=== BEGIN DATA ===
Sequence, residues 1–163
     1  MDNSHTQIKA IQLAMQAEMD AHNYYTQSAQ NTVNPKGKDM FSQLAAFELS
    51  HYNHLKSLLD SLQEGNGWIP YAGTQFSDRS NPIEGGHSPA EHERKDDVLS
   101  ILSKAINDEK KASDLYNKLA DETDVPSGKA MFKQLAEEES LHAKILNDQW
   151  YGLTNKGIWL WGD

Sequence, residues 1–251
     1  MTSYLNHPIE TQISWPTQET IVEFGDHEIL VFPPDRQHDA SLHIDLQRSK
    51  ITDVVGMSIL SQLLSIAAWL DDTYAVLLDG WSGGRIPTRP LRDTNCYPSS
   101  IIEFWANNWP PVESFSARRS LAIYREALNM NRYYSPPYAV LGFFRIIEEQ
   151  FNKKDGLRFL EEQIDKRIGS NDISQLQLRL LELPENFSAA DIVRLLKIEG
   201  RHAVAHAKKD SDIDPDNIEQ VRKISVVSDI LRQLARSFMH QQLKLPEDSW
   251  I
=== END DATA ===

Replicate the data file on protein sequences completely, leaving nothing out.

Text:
Sequence, residues 1–163
     1  MDNSHTQIKA IQLAMQAEMD AHNYYTQSAQ NTVNPKGKDM FSQLAAFELS
    51  HYNHLKSLLD SLQEGNGWIP YAGTQFSDRS NPIEGGHSPA EHERKDDVLS
   101  ILSKAINDEK KASDLYNKLA DETDVPSGKA MFKQLAEEES LHAKILNDQW
   151  YGLTNKGIWL WGD

Sequence, residues 1–251
     1  MTSYLNHPIE TQISWPTQET IVEFGDHEIL VFPPDRQHDA SLHIDLQRSK
    51  ITDVVGMSIL SQLLSIAAWL DDTYAVLLDG WSGGRIPTRP LRDTNCYPSS
   101  IIEFWANNWP PVESFSARRS LAIYREALNM NRYYSPPYAV LGFFRIIEEQ
   151  FNKKDGLRFL EEQIDKRIGS NDISQLQLRL LELPENFSAA DIVRLLKIEG
   201  RHAVAHAKKD SDIDPDNIEQ VRKISVVSDI LRQLARSFMH QQLKLPEDSW
   251  I